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Where?!
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How long would you say it takes for someone completely music illiterate to get through this program?
Errrm...I think that really depends on the person. If you consistently work at a little bit of everything every day, you should begin to see results fairly quickly...
 

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Is Actually Recording
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Yeah, I'm not a big fan of the Grimoire series. There's no method: it's just concepts without relation or theory.
That was my issue with it, too. It just presented you a lot of scale patterns, with only cursory information about what to do with them.

Um, soloing, for an absolute beginner...

You're definitely going to want to learn your theory, but while I'd definitely start studying it and learning it as well as you can, more immediately I'd just start in on learning a few simple, melodic solos. You're a huge Gilmour fan - so am I, and I think he's a great guy to start with. Try the first "Comfortably Numb" solo, or the "Mother" lead break, maybe, or "Have a Cigar." None of them are particularly technical so you should be able to get the notes down pretty easily.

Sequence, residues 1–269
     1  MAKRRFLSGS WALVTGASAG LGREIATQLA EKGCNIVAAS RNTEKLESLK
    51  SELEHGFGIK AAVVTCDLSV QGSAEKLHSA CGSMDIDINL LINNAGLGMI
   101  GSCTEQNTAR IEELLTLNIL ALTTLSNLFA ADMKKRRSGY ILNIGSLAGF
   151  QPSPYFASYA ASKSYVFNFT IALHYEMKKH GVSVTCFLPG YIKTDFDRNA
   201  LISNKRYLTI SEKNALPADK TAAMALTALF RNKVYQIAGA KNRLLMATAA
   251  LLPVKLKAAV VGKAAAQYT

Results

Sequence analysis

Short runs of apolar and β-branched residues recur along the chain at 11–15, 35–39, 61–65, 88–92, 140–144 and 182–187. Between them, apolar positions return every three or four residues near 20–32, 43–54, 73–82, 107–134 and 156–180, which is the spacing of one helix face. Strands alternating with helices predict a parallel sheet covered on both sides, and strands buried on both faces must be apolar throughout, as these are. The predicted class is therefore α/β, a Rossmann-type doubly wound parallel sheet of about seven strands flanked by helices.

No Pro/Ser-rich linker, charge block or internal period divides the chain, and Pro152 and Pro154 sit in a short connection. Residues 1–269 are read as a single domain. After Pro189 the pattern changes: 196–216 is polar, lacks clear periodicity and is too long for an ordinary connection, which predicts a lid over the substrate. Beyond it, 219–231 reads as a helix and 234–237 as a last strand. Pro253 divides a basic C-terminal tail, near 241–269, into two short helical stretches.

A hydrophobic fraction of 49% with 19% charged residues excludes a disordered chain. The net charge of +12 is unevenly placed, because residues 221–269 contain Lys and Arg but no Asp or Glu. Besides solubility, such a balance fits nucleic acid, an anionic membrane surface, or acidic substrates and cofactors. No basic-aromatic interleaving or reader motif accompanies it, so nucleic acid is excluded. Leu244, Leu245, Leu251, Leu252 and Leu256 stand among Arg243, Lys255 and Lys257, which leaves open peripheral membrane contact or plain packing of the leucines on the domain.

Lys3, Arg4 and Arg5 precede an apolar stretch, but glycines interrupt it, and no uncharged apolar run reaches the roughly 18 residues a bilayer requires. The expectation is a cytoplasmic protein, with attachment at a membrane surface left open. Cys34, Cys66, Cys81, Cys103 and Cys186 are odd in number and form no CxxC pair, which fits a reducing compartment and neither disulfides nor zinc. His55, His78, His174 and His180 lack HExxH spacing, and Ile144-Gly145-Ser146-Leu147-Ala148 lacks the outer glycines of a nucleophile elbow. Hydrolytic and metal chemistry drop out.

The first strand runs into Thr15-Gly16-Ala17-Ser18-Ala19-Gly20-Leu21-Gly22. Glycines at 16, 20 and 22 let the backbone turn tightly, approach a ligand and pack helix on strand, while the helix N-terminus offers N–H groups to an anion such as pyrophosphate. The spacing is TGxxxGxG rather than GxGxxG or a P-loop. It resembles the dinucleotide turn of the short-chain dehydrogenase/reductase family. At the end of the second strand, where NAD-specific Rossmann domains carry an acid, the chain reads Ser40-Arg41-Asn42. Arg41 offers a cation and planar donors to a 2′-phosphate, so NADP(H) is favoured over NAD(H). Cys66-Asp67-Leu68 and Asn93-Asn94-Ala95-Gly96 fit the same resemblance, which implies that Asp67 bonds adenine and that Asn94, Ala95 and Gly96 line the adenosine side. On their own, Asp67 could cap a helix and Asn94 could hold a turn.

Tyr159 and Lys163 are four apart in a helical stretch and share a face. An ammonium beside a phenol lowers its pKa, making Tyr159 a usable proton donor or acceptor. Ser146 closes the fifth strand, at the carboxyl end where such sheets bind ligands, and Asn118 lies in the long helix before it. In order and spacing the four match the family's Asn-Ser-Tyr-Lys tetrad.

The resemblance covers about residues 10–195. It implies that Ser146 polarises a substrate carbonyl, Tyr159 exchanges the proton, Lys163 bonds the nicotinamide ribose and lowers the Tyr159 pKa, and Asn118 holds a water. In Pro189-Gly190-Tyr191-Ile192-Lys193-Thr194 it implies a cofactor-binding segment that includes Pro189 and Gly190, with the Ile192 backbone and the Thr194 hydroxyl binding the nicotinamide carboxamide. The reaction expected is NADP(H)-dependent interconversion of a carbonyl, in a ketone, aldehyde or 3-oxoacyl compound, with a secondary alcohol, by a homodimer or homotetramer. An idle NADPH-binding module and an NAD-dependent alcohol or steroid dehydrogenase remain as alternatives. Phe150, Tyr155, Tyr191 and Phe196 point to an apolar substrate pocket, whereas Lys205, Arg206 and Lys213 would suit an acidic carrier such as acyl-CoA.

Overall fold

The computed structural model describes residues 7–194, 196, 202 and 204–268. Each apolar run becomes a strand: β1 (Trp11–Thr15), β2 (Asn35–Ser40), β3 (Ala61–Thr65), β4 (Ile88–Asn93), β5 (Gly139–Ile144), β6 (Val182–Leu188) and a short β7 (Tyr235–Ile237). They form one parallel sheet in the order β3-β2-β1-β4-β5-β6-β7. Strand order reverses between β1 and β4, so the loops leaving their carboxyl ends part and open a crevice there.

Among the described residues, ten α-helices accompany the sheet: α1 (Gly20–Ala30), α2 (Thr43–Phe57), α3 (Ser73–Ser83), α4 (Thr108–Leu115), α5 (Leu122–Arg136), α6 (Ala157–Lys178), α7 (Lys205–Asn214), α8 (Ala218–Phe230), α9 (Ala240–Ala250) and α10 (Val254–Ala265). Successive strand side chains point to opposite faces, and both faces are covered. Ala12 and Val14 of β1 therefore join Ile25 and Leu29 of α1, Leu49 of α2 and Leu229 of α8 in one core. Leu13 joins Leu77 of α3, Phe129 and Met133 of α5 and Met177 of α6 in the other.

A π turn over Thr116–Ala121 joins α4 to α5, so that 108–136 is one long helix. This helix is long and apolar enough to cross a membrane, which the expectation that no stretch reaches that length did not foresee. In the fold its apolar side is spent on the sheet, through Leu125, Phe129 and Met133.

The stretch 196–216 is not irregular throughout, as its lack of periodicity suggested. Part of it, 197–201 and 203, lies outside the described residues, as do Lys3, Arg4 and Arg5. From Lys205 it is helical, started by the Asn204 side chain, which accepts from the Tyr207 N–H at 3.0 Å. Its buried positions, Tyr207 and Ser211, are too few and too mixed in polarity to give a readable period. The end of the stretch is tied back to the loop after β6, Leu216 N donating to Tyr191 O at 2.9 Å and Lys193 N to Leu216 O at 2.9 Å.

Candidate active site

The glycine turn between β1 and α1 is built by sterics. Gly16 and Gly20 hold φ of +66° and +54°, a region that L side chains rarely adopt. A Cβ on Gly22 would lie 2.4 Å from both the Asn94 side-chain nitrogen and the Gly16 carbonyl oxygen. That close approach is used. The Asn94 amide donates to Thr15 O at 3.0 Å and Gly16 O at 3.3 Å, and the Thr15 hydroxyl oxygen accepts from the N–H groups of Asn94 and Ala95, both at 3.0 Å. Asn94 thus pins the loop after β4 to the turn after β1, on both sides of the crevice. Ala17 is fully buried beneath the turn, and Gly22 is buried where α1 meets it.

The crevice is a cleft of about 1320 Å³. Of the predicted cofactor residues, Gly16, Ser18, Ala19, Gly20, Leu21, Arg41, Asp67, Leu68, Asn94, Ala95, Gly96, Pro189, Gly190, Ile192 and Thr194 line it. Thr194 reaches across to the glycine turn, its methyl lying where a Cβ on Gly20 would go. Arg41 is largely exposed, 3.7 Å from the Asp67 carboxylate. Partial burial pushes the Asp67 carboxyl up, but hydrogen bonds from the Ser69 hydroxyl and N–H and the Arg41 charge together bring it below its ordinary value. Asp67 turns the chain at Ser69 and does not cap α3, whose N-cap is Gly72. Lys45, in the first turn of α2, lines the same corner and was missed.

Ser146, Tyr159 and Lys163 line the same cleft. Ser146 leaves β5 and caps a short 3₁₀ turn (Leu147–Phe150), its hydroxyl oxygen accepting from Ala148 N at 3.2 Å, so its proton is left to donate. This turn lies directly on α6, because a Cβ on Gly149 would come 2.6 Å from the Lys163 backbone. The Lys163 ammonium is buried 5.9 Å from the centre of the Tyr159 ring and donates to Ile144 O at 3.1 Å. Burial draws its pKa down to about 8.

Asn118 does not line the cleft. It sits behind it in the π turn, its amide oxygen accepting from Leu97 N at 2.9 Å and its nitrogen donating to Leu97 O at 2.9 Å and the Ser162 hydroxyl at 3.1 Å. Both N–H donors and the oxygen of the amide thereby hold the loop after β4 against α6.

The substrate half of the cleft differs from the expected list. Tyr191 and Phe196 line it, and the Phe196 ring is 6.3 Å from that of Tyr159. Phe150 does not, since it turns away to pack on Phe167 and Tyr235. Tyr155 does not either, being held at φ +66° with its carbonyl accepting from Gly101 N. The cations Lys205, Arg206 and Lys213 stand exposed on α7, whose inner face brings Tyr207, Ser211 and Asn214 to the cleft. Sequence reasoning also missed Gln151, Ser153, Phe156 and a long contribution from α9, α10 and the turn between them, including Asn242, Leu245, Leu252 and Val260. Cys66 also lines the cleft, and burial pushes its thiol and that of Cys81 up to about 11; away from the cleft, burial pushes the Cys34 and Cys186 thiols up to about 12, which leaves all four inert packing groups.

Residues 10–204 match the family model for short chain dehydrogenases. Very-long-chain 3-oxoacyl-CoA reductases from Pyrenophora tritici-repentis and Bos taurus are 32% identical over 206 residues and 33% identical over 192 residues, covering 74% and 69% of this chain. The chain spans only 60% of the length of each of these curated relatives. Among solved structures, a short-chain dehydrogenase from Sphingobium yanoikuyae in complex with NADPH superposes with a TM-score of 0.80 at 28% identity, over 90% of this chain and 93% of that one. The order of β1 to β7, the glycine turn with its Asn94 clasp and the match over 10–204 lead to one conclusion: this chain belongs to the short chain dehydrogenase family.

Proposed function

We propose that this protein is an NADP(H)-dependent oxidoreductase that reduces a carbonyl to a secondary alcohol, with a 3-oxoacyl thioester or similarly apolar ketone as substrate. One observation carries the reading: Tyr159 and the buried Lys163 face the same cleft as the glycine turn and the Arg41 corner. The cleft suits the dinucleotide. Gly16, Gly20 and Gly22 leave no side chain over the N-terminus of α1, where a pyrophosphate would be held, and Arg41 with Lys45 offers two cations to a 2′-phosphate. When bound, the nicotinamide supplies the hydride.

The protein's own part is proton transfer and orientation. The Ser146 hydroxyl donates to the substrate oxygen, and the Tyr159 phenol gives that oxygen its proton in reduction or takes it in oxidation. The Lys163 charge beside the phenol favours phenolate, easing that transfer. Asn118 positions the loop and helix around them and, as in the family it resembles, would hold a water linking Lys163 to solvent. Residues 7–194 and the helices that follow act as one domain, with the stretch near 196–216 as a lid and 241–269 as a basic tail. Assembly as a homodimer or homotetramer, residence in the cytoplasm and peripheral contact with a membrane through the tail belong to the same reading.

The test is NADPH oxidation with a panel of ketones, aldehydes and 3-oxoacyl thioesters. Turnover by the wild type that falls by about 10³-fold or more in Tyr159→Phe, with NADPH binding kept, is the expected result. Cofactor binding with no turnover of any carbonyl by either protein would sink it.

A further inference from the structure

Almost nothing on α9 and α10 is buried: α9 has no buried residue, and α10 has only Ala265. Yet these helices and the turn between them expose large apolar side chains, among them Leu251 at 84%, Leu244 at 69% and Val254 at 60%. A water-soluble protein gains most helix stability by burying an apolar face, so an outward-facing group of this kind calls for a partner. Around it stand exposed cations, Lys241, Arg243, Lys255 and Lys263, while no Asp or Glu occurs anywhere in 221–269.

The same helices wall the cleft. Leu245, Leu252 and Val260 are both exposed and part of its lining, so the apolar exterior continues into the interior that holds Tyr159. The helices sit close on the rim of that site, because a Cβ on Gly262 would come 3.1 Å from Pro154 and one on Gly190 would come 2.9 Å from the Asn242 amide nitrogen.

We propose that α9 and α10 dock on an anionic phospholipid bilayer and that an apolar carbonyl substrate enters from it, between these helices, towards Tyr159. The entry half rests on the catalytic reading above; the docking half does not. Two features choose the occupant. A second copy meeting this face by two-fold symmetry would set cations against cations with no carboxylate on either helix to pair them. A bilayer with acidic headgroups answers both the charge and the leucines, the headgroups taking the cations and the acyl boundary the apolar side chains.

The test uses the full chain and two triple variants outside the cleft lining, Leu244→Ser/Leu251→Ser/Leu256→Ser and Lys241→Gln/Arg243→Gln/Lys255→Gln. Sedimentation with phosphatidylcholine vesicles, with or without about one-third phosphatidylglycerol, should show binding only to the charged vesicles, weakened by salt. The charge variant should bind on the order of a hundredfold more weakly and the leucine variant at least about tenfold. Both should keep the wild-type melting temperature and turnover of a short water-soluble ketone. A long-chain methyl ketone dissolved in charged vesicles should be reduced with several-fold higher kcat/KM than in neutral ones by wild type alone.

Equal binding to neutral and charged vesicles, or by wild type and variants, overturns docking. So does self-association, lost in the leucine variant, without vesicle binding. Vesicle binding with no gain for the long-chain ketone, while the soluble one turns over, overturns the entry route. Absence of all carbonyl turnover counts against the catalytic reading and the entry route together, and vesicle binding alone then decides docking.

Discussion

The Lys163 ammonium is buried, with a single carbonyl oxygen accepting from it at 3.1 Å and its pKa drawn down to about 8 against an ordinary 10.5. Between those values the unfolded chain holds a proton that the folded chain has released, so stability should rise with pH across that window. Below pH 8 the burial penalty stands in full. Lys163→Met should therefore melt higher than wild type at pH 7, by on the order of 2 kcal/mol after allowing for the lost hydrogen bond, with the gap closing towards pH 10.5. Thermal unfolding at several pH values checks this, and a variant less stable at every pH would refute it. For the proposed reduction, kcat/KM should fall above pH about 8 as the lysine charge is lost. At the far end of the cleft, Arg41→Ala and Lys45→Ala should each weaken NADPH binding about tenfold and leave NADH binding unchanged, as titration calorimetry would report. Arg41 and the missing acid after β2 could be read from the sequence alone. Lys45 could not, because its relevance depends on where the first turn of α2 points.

Then, really spend some time working on your bends and your vibrato. Practice playing a note, and then bending into it from a lower note. For example, play the 17th fret on the B string, then play the 15th and bend up to the pitch of the 17th. Spend some time thinking about how you bend - whether you want to bend into it slowly and gradually come up to pitch, bend quickly and immediately up and sustain it at pitch, bend quickyl to just shy of pitch and then slowly come up from there, etc. There's an infinite number of ways you can bend a note, so spend some time thinking about how the different ways sound and make bending in different manners part of your style.

Ditto with vibrato - practice wide and narrow vibratos, fast and slow vibratos, etc. A good vibrato really can make a solo come alive.
 
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Drew is wise :agreed:

I never spent nearly enough time on vibrato and bends, and that is why I sound like a Guitar Pro file when soloing :lol: